safety or the environment. We will support the timely creation of generally accepted environmental audit procedures. safety or the environment. facilities and operating procedures. Informing the public We will inform in a timely manner anyone who may be affected by conditions caused to by our company that might endanger health. we will redress injuries we have caused to persons or damage we have caused to the environment and will restore the environment. We will regularly seek advice and counsel through dialogue with persons in communities near our facilities. Management commitment We will implement these basic principles and sustain a process that ensures that the Board of Directors and Chief Executive Officer are fully informed about pertinent environmental issues and are fully responsible for environmental policy.150 ENVIRONMENTAL MANAGEMENT SYSTEMS Risk reduction We will strive to minimize the environmental. We will inform our customers of the environmental impacts of our products or services and try to correct unsafe use. we will consider demonstrated environmental commitment as a factor. and by being prepared for emergencies. . which will be made available to the public. We will not take any action against employees for reporting dangerous incidents or conditions to management or to appropriate authorities. Safe products and services We will reduce and where possible eliminate the use. health and safety risks to our employees and the communities in which we operate through safe technologies. We will annually complete the CERES Report. Environmental restoration We will promptly and responsibly correct conditions that we have caused that endanger health. manufacture or sale of products and services that cause environmental damage or health or safety hazards. To the extent feasible. In selecting our Board of Directors. Audits and reports We will conduct an annual self-evaluation of our progress in implementing these Principles.
2005). Its aim is to help businesses around the world improve their environmental performance and was created by the International Chamber of Commerce. consumer needs and community expectations. train and motivate employees to conduct their activities in an environmentally responsible manner. There are no independent audits to ensure that continuous environment improvement is made. . 2005). programmes and environmental performance. and to apply the same environmental criteria internationally. Integrated management To integrate these policies. are a vitally important aspect of sustainable development (ICC. for business. which is the one of the cornerstones of sustainable development. EXAMPLE 2: BUSINESS CHARTER FOR SUSTAINABLE DEVELOPMENT A more widely supported charter is the Business Charter for Sustainable Development. It comprises 16 principles for environmental management that. The principles outlined on the ICC website (2005) are given below: Corporate priority To recognize environmental management as among the highest corporate priorities and as a key determinant to sustainable development. taking into account technical developments. to establish policies. nearly one hundred companies have signed up (CRT. Employee education To educate. scientific understanding.APPENDIX 151 Although commitment to the CERES Principles is voluntary. There are no legal obligations to ensure companies comply with the Principles. Process of improvement To continue to improve corporate policies. programmes and practices fully into each business as an essential element of management in all its functions. programmes and practices for conducting operations in an environmentally sound manner. the effect being that those companies adhering to these Principles need do nothing more than they are doing at the time of signing up. There are no clear definitions or measures as to the amount of ‘reduction’ of environmental harm. Criticisms have been levelled at the Principles. with legal regulations as a starting point.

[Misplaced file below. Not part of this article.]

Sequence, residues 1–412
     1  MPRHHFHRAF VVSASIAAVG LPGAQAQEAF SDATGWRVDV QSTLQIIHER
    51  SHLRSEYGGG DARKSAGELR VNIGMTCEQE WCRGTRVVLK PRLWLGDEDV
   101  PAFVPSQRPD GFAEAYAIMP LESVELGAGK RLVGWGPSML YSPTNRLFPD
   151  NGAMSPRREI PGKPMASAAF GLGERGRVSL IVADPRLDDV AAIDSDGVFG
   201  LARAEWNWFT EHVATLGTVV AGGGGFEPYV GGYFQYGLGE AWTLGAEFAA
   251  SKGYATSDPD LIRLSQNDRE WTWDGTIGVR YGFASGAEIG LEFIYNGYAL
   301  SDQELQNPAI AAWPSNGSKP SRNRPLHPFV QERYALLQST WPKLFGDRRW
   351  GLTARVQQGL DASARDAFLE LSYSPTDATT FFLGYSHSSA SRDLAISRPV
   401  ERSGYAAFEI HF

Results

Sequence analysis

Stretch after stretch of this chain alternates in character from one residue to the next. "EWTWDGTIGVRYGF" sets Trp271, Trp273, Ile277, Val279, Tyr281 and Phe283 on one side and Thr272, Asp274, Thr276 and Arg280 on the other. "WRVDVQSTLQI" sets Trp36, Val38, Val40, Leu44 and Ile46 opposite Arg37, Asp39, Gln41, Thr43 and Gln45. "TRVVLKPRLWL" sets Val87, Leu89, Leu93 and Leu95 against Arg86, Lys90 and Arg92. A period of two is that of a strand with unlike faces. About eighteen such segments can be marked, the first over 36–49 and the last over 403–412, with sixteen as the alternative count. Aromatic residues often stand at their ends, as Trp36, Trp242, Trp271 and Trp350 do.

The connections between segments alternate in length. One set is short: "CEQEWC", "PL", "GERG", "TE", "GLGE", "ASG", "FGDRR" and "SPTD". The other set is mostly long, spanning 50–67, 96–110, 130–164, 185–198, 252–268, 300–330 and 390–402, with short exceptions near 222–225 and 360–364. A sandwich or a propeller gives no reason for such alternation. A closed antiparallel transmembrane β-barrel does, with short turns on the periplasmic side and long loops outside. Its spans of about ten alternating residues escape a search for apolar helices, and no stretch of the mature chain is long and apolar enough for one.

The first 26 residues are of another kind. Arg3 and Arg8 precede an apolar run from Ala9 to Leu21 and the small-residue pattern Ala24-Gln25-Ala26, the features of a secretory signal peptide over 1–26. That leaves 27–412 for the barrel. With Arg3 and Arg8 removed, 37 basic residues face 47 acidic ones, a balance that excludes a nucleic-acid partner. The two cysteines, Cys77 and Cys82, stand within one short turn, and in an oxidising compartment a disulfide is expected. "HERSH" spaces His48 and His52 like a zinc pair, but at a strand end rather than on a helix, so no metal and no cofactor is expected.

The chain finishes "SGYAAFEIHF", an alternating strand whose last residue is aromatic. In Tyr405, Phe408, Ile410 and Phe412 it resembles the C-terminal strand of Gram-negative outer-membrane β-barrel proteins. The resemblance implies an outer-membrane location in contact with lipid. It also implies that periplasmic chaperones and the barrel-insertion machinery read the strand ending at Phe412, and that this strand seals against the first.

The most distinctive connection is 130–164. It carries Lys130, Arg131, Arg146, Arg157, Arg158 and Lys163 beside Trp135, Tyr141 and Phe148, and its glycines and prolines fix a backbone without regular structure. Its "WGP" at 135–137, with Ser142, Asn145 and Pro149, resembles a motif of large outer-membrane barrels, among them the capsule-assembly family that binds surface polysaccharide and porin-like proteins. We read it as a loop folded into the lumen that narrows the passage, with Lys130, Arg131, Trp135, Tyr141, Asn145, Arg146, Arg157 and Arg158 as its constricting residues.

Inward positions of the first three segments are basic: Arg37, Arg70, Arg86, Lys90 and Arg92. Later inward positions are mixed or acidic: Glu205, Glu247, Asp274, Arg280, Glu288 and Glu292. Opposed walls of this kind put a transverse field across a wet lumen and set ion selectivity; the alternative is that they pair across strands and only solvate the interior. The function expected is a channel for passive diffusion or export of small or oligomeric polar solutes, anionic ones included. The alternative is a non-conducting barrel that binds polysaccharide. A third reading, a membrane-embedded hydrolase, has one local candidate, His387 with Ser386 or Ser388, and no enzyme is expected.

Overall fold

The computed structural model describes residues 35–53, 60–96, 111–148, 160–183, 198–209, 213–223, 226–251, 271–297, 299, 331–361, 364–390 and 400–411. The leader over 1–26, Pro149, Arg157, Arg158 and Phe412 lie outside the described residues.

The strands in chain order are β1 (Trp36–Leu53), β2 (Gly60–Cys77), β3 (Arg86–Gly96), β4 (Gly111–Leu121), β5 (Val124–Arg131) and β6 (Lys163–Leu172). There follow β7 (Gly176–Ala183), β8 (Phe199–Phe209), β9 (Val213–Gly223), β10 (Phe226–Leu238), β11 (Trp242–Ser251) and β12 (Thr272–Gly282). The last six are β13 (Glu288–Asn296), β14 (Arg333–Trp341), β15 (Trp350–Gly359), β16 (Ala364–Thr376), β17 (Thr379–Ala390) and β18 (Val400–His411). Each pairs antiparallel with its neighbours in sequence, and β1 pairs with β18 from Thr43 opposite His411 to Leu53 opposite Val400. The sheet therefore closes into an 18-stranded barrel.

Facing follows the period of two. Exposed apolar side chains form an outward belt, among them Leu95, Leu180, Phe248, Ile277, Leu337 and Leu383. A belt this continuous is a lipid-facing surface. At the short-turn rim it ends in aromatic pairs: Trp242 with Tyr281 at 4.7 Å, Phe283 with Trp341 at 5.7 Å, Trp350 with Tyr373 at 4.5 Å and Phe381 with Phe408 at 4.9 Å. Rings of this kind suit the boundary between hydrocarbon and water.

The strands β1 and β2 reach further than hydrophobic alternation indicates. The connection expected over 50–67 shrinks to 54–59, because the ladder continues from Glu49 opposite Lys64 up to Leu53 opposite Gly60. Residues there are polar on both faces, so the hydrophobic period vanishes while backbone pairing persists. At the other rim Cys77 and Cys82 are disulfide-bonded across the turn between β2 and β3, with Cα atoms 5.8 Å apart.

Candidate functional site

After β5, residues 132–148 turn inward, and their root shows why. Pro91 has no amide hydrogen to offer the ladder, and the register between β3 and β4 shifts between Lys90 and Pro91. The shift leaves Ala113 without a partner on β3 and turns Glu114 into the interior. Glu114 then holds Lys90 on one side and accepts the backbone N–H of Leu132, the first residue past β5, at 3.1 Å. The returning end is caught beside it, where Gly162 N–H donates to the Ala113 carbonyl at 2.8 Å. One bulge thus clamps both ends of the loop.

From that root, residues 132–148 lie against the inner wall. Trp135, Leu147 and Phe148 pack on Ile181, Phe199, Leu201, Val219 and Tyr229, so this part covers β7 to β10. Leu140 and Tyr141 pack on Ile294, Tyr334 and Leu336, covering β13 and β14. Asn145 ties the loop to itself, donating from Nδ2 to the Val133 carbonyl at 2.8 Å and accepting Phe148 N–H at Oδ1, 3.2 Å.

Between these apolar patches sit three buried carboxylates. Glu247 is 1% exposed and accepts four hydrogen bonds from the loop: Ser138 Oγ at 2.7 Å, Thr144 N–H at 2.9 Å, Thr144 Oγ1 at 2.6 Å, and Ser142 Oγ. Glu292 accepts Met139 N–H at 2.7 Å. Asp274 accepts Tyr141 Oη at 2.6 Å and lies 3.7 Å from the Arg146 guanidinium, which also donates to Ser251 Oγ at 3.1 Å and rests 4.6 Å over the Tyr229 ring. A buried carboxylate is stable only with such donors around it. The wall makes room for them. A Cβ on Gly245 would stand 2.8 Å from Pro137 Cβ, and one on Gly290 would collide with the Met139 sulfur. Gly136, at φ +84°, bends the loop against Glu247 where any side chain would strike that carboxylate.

and to encourage the wider adoption of these principles by suppliers. or disposed of safely. marketing or use of products or services or the conduct of activities. Products and services To develop and provide products or services that have no undue environmental impact and are safe in their intended use. where appropriate. that are efficient in their consumption of energy and natural resources. Precautionary approach To modify the manufacture. customers. to prevent serious or irreversible environmental degradation. reused. the sustainable use of renewable resources. . Research To conduct or support research on the environmental impacts of raw materials. requiring improvements in their practices to make them consistent with those of the enterprise.152 ENVIRONMENTAL MANAGEMENT SYSTEMS Prior assessment To assess environmental impacts before starting a new activity or project and before decommissioning a facility or leaving a site. and to apply similar considerations to the provision of services. storage and disposal of products provided. and where relevant educate. the minimization of adverse environmental impact and waste generation. transportation. and the safe and responsible disposal of residual wastes. distributors and the public in the safe use. Facilities and operations To develop. Customer advice To advise. encouraging and. emissions and wastes associated with the enterprise and on the means of minimizing such adverse impacts. products. Contractors and suppliers To promote the adoption of these principles by contractors acting on behalf of the enterprise. consistent with scientific and technical understanding. design and operate facilities and conduct activities taking into consideration the efficient use of energy and materials. and that can be recycled. processes.